The Components of a News Story
To be of value to a reporter, you must know what makes a story newsworthy. Often, it’s timeliness—perhaps involving recent market events, for instance. To be considered news to a particular media outlet, the story must be not only be current, but also relevant to the media outlet’s audience. Often, news has a human interest value—including a potential for emotion, conflict or uniqueness.
Advisors who know the audience and demographics of a particular news outlet, or can explain how national or global stories affect local news consumers, are ideal sources since they can help reporters obtain unique and compelling information quickly. And remember, reporters often use people’s experiences and words to frame a story, so be sure to practice telling your story until it rolls off your tongue and come up with “hummable” quotations—ones that will be easily remembered.
Four Steps to Target Media and Prepare for Opportunities
There are two essential elements of any media relations program: targeting the media and preparing for media opportunities. By taking these four steps, you’ll be well on your way to developing a robust strategy that will help boost your presence in the media:
- Prepare a biography. A short biography about yourself, your business and your areas of expertise shows reporters where your expertise could be useful—for example, you will have unique insights if your practice involves a defined audience, say retirees or young entrepreneurs. In addition to getting on reporters’ source lists, you want reporters to be able to describe your business the way you yourself describe it. That’s where a two-sentence summary of your business and experience comes in handy—it gives reporters a way to quickly and easily explain to their readers or listeners who you are and what you do.
- Know your story. To engage a reporter, it helps to have some message points that you are prepared to speak about. This doesn’t mean you won’t have unexpected questions, but the more you set the agenda, the more likely you’ll be portrayed in a positive light. Good reporters invariably ask tough questions, so prepare responses to some “quicksand” questions in advance so that you aren’t caught off guard. This enhances your credibility and enables you to remain in control of the interview. If a reporter calls when financial markets are in turmoil or your business is going through tough times, be forthright and continue to build trust in the relationship by offering honest assessments and finding opportunities to bring in your message points.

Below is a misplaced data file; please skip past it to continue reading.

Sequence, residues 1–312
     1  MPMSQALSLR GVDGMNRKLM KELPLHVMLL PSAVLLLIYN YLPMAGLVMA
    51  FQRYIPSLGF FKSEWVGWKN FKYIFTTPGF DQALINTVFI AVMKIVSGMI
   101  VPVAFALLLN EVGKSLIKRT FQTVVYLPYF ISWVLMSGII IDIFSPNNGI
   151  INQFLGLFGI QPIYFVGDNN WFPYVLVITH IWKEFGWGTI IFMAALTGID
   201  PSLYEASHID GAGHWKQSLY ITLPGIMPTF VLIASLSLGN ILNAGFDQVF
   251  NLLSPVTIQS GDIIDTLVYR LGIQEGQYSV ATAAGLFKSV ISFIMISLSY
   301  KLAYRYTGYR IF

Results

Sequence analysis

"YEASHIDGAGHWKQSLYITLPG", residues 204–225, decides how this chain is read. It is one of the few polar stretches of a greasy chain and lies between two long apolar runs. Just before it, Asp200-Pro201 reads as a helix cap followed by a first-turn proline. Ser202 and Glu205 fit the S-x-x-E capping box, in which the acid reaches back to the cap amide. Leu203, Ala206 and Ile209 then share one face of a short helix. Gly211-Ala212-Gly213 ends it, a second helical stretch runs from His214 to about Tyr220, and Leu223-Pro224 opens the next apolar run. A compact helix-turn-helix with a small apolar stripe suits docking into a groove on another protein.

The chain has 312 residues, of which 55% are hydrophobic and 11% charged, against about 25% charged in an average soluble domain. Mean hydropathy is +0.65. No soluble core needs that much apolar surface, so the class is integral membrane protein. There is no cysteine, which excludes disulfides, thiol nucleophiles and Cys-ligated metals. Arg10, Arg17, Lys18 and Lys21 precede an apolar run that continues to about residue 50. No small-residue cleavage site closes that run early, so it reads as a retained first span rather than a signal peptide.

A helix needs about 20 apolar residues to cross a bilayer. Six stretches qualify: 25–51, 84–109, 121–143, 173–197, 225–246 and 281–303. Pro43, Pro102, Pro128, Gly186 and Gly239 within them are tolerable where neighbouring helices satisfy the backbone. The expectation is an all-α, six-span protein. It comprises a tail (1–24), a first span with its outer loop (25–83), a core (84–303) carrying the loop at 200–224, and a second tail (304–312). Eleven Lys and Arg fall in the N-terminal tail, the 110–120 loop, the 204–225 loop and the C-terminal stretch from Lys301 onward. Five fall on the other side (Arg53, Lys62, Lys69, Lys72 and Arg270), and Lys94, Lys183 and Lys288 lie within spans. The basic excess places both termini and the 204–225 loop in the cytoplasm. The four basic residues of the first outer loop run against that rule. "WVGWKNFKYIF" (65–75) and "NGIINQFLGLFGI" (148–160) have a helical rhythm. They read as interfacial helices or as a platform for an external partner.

- Know your audience. That is, know your media targets. Create media distribution lists for news releases you prepare. Prioritize them so that the outlets most useful to your business get the greatest level of your attention. Try to familiarize yourself with reporters and those whose regular writing involves financial markets or trends. Read and watch widely, including online and trade publications, to become familiar with different reporters’ styles or innovative news angles. This way, when an interesting angle comes to mind, you’ll know who to pitch. Lastly, after your article is printed, contact the publication about reprints, which you can give to prospects or clients to gain credibility.
- Be a source of story ideas. The secret to successful media relations is knowing what the media want, and then giving it to them. Think about what’s different about your firm or your service offering, and try to come up with some “first-of-their-kind” stories that are particularly attractive to reporters. Spend time identifying story lines in trends among investors or clients, investments, regulatory issues or practice management. And, of course, keep an eye out for that unusual human interest story, such as one about a client whose financial success has given him or her the freedom to pursue philanthropic activities.
Regardless of how sophisticated your media program turns out to be, if you stick to simple and practical rules, you’re likely to increase your chances of gaining positive media coverage and at the same time develop lasting, rewarding relationships with the media. Being a media darling can be an effective way to increase your firm’s visibility, helping you win new clients, keep existing ones and continue growing your practice.